We are witnessing a global geo-economic transformation centered on the rise of emerging markets, the growth of a new global middle class, rapid urbanization, and unprecedented physical and technological connectivity. In a world where 85% of the world’s population lives in Asia, Africa, and Latin America, the centers of gravity in these emerging markets are reshaping the global landscape. Headquartered in Dubai, emerge85 collaborates with an array of stakeholders to uncover and accelerate the most promising solutions to the world’s most pressing challenges. If you share our passion for a more inclusive digital future, reach out.
Learning Languages and Life Experiences from Refugees
Meara Sharma talks with Aline Sara, founder of a startup called NaTakallam: “we speak” in Arabic. The organization pairs refugees and displaced people, right now mostly Syrian refugees in Lebanon, with people all over the world who want to learn Arabic. It leverages the gig economy to create a remote income stream for refugees, many of whom aren’t allowed to work, and it also helps language learners practice the kind of conversational Arabic not often taught in formal settings. Beyond that, it’s about making connections across worlds of difference and deepening understanding on both sides of the conversation. Meara and Aline discuss the origins of NaTakallam, the benefits and challenges of operating as a for-profit social enterprise, and the organization’s plans to expand to other languages and displaced populations.
How Cryptocurrency Can Reshape Financial Systems in the Emerging World
This week on the podcast, we talk with Tricia Martinez. She’s the founder of Wala, a financial services app, and Dala, a cryptocurrency that goes with it. Based in Cape Town and currently operating in South Africa, Zimbabwe, and Uganda, Wala enables people to send digital money -- Dala -- to family across borders, as well as borrow, make transactions, and save. Many of these consumers haven't had a formal bank account before, or they conduct their lives primarily in cash -- both of which pose challenges to financial freedom.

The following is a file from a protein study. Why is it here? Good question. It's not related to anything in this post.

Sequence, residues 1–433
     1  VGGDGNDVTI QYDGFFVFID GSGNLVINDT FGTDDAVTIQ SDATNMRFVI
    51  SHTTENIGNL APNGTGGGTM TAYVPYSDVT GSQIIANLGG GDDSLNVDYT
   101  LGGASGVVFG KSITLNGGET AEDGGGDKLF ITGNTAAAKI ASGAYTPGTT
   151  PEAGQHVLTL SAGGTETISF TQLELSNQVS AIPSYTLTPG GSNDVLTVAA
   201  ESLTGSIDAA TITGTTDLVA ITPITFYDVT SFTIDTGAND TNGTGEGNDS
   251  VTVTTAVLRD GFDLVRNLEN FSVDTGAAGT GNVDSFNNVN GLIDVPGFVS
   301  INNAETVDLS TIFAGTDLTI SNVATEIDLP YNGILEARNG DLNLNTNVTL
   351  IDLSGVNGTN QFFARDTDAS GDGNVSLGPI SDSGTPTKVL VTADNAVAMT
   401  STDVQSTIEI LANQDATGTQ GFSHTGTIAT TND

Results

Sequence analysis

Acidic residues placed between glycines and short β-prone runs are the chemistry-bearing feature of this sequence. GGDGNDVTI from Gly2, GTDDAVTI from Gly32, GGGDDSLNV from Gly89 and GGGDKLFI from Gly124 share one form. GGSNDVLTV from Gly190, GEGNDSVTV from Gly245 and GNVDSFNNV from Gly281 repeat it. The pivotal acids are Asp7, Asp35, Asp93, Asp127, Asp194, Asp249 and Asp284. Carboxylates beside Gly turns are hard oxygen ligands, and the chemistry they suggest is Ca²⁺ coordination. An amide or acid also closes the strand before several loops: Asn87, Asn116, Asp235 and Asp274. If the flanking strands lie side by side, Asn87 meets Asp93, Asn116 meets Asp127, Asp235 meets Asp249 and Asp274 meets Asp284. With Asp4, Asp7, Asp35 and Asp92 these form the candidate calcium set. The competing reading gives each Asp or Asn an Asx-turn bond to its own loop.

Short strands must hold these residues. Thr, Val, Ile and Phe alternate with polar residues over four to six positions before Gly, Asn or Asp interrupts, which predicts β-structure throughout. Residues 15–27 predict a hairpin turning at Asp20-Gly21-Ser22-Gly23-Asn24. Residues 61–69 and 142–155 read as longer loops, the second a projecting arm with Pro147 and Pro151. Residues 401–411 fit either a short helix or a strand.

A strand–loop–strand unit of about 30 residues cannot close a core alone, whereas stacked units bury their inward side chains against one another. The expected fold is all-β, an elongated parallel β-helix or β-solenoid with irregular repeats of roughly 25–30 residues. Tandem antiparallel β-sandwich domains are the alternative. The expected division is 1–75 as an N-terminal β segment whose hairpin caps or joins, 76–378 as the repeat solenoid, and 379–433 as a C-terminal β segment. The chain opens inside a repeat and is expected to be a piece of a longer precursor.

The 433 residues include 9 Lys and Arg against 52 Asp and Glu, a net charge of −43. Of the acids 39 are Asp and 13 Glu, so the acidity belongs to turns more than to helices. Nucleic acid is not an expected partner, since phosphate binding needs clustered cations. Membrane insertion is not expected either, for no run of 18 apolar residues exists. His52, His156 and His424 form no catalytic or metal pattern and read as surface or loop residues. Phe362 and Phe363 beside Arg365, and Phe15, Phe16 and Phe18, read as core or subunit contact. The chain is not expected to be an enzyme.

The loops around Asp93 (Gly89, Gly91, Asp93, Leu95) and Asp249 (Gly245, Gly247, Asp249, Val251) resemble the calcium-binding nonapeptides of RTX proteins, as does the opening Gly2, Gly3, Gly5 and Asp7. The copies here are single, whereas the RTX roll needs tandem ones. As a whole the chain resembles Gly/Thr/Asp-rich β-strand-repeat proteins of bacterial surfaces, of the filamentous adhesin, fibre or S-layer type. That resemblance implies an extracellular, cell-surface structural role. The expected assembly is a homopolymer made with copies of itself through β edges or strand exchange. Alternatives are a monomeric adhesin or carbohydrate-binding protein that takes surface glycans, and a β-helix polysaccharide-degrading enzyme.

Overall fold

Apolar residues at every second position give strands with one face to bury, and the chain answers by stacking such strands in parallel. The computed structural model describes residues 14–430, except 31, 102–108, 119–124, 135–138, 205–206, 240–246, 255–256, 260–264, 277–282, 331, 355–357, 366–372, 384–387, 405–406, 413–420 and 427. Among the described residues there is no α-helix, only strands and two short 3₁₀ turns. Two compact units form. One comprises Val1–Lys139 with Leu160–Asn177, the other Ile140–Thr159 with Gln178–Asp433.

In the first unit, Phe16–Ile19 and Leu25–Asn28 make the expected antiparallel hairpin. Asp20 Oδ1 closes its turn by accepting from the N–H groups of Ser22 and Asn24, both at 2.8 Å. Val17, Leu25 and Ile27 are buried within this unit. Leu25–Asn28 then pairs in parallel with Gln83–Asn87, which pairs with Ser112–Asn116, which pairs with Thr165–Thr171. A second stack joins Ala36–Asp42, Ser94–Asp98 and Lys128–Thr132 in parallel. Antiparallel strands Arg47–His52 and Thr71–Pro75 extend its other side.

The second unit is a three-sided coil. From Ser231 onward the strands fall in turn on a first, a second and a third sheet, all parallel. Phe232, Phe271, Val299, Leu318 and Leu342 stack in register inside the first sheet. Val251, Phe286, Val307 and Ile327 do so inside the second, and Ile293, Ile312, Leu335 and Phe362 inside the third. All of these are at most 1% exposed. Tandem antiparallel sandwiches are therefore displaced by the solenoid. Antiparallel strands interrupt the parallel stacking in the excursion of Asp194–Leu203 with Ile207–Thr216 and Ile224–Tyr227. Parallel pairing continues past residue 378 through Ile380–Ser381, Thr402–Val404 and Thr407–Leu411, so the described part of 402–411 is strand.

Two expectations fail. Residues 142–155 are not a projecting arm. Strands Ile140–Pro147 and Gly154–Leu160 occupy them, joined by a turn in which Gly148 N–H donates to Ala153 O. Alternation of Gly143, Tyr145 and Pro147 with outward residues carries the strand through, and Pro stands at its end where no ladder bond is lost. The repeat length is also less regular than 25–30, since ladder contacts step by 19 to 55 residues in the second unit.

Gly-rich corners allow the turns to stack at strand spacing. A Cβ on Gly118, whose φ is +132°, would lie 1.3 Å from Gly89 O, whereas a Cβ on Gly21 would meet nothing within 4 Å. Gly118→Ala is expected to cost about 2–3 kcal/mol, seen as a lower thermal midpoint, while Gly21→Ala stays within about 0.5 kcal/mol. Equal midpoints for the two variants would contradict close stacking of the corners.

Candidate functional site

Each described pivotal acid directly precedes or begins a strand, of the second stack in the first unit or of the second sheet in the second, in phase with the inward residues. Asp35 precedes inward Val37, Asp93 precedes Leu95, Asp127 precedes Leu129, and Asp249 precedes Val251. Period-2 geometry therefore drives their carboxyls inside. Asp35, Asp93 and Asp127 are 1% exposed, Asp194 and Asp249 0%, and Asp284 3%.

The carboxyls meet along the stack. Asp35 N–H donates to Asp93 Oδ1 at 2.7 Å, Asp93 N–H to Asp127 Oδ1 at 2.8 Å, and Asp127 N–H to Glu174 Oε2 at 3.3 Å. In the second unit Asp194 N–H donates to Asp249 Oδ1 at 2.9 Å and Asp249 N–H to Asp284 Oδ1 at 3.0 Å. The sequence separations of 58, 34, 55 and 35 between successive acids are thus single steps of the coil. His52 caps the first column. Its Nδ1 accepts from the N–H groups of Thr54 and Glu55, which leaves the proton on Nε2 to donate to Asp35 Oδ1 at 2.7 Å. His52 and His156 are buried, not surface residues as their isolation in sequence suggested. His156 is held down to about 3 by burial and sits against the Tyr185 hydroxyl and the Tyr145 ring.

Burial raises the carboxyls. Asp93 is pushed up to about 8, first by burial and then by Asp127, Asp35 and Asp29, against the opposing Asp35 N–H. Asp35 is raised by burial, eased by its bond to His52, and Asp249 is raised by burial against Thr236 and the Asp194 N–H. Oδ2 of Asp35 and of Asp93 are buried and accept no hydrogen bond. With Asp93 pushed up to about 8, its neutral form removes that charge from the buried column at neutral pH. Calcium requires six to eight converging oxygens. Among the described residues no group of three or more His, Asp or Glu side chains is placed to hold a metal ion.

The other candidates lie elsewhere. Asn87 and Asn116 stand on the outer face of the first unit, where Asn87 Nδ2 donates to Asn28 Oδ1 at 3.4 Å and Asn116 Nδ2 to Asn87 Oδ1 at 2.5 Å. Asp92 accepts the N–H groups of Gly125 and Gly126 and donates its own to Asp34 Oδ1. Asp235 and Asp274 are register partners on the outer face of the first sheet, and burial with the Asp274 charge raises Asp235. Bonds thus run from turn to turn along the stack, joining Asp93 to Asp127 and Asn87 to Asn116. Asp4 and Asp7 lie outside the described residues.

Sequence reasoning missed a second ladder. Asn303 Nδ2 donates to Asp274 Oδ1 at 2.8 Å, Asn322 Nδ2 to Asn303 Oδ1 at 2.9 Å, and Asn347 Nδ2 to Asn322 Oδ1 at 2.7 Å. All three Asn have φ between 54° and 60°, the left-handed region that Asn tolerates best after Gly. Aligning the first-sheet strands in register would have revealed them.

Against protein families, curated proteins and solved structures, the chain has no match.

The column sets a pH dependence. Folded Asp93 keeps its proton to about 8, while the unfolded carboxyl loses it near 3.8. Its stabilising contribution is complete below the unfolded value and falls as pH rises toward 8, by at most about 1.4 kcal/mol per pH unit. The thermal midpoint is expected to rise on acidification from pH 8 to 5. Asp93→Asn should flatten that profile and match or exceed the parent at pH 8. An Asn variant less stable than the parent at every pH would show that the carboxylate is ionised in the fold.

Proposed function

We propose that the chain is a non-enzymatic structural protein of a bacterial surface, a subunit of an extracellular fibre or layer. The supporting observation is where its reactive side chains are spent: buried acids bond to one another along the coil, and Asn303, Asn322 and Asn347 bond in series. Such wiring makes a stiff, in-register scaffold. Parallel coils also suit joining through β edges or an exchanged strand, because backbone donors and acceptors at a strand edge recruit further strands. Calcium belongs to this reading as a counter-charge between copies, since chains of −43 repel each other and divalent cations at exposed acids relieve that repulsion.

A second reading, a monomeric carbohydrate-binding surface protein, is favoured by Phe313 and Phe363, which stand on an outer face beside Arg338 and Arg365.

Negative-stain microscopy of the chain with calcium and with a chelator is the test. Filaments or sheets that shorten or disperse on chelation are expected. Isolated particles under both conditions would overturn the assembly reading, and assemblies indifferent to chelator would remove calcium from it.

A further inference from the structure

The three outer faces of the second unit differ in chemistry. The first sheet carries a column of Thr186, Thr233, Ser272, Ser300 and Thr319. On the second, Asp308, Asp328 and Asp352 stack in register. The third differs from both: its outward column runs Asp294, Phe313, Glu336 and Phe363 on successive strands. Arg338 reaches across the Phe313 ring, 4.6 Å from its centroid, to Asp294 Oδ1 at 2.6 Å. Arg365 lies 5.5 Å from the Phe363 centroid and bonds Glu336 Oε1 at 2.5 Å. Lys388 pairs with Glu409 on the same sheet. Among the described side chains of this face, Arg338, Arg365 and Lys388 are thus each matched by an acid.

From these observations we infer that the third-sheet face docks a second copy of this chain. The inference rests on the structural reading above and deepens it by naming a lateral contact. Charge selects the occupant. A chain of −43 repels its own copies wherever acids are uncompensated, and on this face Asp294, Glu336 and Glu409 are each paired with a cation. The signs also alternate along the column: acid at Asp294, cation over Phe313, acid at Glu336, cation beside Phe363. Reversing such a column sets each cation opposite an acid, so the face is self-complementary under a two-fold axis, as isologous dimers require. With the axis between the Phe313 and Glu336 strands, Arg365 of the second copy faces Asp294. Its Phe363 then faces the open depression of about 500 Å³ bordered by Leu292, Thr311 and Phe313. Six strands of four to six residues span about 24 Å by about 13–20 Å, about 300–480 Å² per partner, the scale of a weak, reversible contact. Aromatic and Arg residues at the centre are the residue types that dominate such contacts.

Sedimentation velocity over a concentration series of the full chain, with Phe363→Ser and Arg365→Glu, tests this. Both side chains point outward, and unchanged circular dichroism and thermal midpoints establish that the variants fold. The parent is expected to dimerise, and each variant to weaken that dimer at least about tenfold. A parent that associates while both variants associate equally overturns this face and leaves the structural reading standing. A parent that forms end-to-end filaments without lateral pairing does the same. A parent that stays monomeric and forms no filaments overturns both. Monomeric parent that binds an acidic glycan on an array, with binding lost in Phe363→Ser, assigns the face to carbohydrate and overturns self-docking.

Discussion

Tricia and producer Meara Sharma discuss why banks have failed consumers in emerging markets, how cryptocurrency and blockchain are helping to reimagine financial systems, and more.
Overcoming Stigma Around Reproductive Health Through E-Commerce
This week we talk with Joanna Bichsel, the CEO and co-founder of Kasha, an e-commerce platform based in Rwanda that delivers reproductive health and personal care products to largely rural, low-income women.
The company is committed to helping women in the emerging world access products that are often stigmatized, like birth control and pregnancy tests, through mobile ordering and discreet delivery systems.
Kasha started in Rwanda in 2016 and has recently expanded into Kenya. Producer Meara Sharma talks with Joanna about her journey to working in tech and health in emerging countries, the importance of women-centric business models, and East Africa's exciting startup culture.
The Rise and Fall of the Makoko Floating School
Stories of social change in the emerging world tend to involve new and exciting ideas, bold visions, and innovation. But sometimes there’s a disconnect between how a project is shown to the outside world — through press, fundraising, accolades — and how it actually functions on the ground. Like in the case of the Makoko Floating school in Lagos, Nigeria.